The file indicates that the FBI had run its first check on Drinan in 1960, a decade before his election to Congress; upon his election, a note indicates that the bureau's files "reflect that the Reverend Drinan has been active in civil rights matters."

In 1971, a suspicious nun wrote FBI Director J. Edgar Hoover, saying, "I had doubted Father Drinan's authenticity as a Catholic priest because I had read of certain views he expressed that seemed to be un-American, as well as unorthodox, from a religious standpoint. If he is someone who has been 'planted' in the church, he could do great harm."

In 1975, the FBI investigated an anonymous death threat against several public figures, including Drinan, from someone purporting to represent "antiliberal and anti-Communist groups."

But the heart of the file is the history of the dispute that began in February 1975, when Drinan took a congressional tour of the FBI and discovered 20 to 30 3-by-5 cards with his name on them in a file. Drinan demanded to know how the FBI could justify collecting information on private citizens, and said, "I assure you I shall work to prevent the FBI from further engaging in the practice of attaching a stigma to persons whose political or social views may be at variance with the temporary majority of the nation."

"I have never at any time been involved in anything related to criminal prosecution," Drinan wrote to the FBI. "Consequently I was astonished and chagrined to discover the surveillance of a political nature."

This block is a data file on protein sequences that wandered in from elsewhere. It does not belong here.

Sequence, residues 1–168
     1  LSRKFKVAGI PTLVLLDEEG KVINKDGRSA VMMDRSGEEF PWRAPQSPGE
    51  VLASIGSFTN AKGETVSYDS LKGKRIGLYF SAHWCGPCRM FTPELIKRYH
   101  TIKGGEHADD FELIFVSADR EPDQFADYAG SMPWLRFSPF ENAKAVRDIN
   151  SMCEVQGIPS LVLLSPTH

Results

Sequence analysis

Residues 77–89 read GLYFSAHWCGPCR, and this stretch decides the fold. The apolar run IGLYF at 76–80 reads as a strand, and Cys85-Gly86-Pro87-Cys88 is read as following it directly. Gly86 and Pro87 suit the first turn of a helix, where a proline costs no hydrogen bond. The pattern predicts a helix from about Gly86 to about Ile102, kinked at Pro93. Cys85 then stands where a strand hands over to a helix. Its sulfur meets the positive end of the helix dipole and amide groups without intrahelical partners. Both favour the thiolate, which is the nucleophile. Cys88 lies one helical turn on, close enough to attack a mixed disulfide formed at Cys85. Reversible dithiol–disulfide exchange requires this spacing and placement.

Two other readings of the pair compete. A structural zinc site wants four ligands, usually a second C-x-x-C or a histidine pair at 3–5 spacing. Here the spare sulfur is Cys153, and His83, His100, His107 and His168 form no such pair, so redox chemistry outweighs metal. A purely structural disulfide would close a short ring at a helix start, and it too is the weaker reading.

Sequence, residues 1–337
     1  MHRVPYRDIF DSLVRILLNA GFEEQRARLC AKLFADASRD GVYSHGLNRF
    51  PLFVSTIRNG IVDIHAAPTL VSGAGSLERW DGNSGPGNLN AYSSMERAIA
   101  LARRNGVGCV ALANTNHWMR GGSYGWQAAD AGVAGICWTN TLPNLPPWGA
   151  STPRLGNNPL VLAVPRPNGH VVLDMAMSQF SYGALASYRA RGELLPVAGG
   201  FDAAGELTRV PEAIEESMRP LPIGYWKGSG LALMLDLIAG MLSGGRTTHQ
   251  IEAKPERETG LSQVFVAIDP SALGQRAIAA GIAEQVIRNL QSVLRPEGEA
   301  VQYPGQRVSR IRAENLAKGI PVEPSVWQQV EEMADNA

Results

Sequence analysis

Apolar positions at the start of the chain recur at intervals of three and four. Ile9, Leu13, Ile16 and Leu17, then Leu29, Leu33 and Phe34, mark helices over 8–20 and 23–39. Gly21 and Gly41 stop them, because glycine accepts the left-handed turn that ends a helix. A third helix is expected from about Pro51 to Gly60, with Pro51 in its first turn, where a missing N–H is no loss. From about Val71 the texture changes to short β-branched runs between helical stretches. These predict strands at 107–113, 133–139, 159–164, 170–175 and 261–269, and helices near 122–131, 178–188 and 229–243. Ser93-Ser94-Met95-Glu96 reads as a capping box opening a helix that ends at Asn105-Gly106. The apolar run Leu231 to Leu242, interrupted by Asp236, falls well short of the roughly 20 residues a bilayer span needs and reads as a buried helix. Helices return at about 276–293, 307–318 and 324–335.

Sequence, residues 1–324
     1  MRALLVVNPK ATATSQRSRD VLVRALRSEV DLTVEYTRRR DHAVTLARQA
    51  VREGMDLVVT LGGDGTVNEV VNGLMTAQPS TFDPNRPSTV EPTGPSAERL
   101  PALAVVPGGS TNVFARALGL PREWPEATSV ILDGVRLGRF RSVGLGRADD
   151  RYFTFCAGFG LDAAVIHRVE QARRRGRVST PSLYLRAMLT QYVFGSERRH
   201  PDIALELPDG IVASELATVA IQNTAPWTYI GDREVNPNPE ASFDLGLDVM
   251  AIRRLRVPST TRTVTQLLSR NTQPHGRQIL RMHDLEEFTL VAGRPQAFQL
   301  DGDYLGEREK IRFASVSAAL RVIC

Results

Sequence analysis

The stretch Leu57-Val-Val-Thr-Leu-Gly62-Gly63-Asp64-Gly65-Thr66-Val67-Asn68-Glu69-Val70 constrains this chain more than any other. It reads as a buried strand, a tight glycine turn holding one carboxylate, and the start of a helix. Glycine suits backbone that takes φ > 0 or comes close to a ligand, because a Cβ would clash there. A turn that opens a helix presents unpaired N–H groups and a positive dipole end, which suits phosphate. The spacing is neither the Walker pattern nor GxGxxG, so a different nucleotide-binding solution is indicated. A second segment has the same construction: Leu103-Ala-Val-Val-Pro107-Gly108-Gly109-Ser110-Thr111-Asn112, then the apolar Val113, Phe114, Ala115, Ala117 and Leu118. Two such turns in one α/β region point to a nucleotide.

The FBI accused Drinan of having ignored instructions and "delved into a file drawer containing index cards" and refused to honor Drinan's timeline for releasing his files, saying that would amount to special treatment for a congressman.

After considerable back-and-forth and for a fee of $8.10, the FBI released a redacted version of Drinan's file three months after his tour; he quickly made it public and denounced it.

"In his view, they had stepped across the line into violating the civil liberties of citizens by keeping track of what he was doing," said Arthur D. Wolf, a law professor at Western New England College School of Law in Springfield. Wolf was a special counsel to Drinan from 1973 to 1978. "He thought the FBI should concentrate on crime and not worry about people exercising their right to speech."

By the time the FBI next scrutinized Drinan, in 1994 with his consent, the tone had completely changed. The agency reported two minor issues: In 1975, there had been an unsubstantiated complaint that Drinan had improperly solicited disabled veterans for a campaign, and in 1985 he had been arrested for protesting apartheid in front of South Africa's embassy.

But the file is overflowing with praise from Drinan's co-workers, supervisors, and fellow Jesuits, all of whom were asked about Drinan's loyalty to the United States, a standard question in background checks.

"No derogatory or negative information was revealed," the Newark office reported to FBI headquarters, while the Kansas City office said simply, "All made favorable comments regarding the candidate."